STATE VERSUS SHRIEN DEWANI

In S v Dewani (CC15/2014) [2014] ZAWCHC 188 (8 December 2014) Deputy Judge President Traverso set out the contents of the right of an accused person to be discharged at the closing of the case for the State in paragraph [12]:

The right to be discharged at that stage of trial does not necessarily arise, in my view, from considerations relating to the burden of proof (or its concomitant, the presumption of innocence) or the right of silence or the right not to testify, but arguably from a consideration that is of more general application. Clearly a person ought not to be prosecuted in the absence of a minimum of evidence upon which he might be convicted, merely in the expectation that at some stage he might incriminate himself. That is recognised by the common law principle that there should be ‘reasonable and probable’ cause to believe that the accused is guilty of an offence before a prosecution is initiated (Beckenstrater v Rottcher and Theunissen 1955 (1) SA 129 (A) at 135C-E), and the constitutional protection afforded to dignity and personal freedom (s 10 and s 12) seems to reinforce it. It ought to follow that if a prosecution is not to be commenced without that minimum of evidence, so too should it cease when the evidence finally falls below that threshold. That will pre-eminently be so where the prosecution has exhausted the evidence and a conviction is no longer possible except by self-incrimination. A fair trial, in my view, would at that stage be stopped, for it threatens thereafter to infringe other constitutional rights protected by s 10 and s 12.”

She summarized the legal position in paragraph [15]:

(c) Where the evidence of the State witnesses implicating the accused is of such poor quality that it cannot safely (be) relied upon, and there is accordingly no credible evidence on record upon which a court, acting carefully, may convict, an application for discharge should be granted.

She further stated

[16] It is common cause that the only witness who could implicate the accused was Tongo (who was an accomplice witness).

[21] Therefore the images in the CCTV footage (to which I will refer in more detail later) depicting:

(a) The accused meeting with Tongo at the parking lot at the Cape Grace Hotel on Friday, 12 November 2010;

(b) The accused being picked up by Tongo on Saturday morning, 13 November 2010 at the Cape Grace Hotel;

(c) The accused being dropped off again by Tongo later on that Saturday morning at the Cape Grace Hotel;

(d) The accused and the deceased being picked up by Tongo on Saturday evening at the Cape Grace Hotel;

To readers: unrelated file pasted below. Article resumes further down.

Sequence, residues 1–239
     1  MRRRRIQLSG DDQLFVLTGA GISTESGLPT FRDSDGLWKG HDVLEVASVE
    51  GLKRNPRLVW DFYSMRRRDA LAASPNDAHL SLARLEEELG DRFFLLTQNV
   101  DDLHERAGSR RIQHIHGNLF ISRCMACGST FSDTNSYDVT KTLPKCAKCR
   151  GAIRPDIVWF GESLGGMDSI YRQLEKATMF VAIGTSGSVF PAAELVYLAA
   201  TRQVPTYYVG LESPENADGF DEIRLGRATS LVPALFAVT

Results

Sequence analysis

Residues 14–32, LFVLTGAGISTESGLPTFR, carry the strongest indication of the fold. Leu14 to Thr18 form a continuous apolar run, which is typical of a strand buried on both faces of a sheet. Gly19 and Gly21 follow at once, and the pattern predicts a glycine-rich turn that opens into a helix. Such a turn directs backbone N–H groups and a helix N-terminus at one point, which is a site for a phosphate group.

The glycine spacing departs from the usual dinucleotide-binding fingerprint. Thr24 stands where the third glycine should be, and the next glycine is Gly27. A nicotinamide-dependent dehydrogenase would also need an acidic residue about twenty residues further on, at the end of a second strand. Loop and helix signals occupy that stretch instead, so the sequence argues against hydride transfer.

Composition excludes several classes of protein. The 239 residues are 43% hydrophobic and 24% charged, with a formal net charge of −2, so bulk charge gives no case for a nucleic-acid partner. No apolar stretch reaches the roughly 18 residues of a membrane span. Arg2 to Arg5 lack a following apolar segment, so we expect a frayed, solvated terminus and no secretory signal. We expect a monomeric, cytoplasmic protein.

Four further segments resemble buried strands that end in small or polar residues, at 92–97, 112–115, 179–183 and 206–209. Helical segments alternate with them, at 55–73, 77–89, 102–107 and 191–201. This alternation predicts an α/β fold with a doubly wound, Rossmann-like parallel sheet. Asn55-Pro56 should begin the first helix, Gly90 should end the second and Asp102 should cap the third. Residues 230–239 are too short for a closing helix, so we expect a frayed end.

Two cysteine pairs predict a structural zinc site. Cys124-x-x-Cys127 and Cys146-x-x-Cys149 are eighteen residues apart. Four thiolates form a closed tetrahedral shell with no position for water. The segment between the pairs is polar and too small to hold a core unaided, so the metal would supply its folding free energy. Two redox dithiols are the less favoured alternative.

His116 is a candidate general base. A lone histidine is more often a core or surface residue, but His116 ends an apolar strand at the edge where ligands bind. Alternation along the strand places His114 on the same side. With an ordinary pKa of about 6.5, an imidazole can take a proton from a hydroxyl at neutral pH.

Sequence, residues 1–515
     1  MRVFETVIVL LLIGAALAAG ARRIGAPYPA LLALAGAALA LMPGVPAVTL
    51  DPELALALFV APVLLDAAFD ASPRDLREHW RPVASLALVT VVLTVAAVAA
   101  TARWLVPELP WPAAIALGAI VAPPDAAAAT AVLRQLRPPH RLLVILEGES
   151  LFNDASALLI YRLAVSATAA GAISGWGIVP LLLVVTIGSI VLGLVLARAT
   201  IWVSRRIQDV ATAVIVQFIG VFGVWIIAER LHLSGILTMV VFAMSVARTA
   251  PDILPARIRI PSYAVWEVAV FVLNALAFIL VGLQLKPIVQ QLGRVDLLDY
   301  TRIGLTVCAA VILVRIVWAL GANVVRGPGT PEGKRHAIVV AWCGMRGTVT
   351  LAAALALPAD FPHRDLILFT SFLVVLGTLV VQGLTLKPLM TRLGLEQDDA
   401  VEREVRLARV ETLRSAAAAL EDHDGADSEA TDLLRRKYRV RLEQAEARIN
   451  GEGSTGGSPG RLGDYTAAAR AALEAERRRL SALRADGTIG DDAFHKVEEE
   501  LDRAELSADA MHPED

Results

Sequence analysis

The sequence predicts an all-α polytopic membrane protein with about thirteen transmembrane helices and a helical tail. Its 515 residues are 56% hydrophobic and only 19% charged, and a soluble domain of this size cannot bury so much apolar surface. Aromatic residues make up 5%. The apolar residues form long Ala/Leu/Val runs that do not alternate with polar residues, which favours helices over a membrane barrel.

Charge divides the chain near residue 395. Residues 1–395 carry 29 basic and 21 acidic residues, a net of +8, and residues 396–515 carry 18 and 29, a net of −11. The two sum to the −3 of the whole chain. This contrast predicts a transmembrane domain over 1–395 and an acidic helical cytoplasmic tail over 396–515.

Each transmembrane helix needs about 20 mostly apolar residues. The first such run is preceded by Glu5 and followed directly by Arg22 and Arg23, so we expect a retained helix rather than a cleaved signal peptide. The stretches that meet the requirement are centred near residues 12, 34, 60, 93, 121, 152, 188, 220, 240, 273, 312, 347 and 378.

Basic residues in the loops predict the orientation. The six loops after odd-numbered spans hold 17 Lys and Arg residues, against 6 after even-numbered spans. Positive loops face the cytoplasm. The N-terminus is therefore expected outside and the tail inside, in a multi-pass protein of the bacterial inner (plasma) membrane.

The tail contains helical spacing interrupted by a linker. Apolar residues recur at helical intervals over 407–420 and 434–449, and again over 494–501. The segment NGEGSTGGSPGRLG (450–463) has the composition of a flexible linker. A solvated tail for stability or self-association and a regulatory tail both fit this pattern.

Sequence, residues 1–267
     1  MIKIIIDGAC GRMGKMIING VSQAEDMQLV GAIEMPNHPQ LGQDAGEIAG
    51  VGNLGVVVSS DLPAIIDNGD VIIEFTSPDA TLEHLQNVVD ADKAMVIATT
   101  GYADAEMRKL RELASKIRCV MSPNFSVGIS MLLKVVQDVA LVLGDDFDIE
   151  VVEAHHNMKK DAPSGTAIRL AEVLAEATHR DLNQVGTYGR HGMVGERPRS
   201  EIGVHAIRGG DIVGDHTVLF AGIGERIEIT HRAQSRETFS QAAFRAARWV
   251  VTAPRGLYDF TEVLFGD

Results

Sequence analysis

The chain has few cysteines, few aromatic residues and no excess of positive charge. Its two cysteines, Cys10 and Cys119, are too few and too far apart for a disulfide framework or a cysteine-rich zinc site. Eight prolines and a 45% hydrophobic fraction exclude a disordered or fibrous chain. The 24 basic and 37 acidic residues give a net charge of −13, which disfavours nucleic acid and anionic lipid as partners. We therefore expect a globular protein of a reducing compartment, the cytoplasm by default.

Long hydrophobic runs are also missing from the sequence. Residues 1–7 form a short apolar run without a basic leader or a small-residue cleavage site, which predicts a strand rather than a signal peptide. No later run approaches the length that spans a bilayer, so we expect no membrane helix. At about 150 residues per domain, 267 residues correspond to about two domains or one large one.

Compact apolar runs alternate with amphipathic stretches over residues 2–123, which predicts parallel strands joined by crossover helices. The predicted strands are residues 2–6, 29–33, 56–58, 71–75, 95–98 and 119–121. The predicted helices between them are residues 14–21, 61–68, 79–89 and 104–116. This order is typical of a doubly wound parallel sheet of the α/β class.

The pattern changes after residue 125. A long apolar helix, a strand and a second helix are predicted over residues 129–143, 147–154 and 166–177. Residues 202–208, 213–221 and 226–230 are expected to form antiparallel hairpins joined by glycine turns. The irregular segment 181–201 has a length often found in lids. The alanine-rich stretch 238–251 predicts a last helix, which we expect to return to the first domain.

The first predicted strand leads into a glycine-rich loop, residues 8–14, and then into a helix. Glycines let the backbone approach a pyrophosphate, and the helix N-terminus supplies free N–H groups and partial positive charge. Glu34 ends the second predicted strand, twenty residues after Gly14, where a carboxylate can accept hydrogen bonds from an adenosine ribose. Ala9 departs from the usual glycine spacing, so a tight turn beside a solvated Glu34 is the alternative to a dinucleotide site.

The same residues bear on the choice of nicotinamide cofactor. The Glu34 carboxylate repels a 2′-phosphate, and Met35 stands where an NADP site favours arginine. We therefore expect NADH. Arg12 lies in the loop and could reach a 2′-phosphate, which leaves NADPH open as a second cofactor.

(e) The accused talking to Tongo after the incident on Sunday, 14 November 2010;

(f) The accused paying Tongo R1 000,00 in the communications room on Tuesday, 16 November 2010; do not provide any corroboration for the version of Tongo where it differs from that of the accused set out in his plea explanation, as none of these events are in issue. It is what was said during those events that is in issue and for that there is only the version of Tongo.

[22] The same applies to the telephone communication between the accused and Tongo, and between Tongo and Mbolombo and Qwabe. This telephone communication does not in itself corroborate what was said during those calls, it merely confirms that communication took place.

After evaluating the evidence she decided

“Clearly a person ought not to be prosecuted in the absence of a minimum of evidence upon which he might be convicted, merely in the expectation that at some stage he might incriminate himself. That is recognised by the common law principle that there should be ‘reasonable and probable’ cause to believe that the accused is guilty of an offence before a prosecution is initiated (Beckenstrater v Rottcher and Theunissen 1955 (1) SA 129 (A) at 135C-E), and the constitutional protection afforded to dignity and personal freedom (s 10 and s 12) seems to reinforce it. It ought to follow that if a prosecution is not to be commenced without that minimum of evidence, so too should it cease when the evidence finally falls below that threshold.”

The evidence presented by the State in this case falls far below this threshold.

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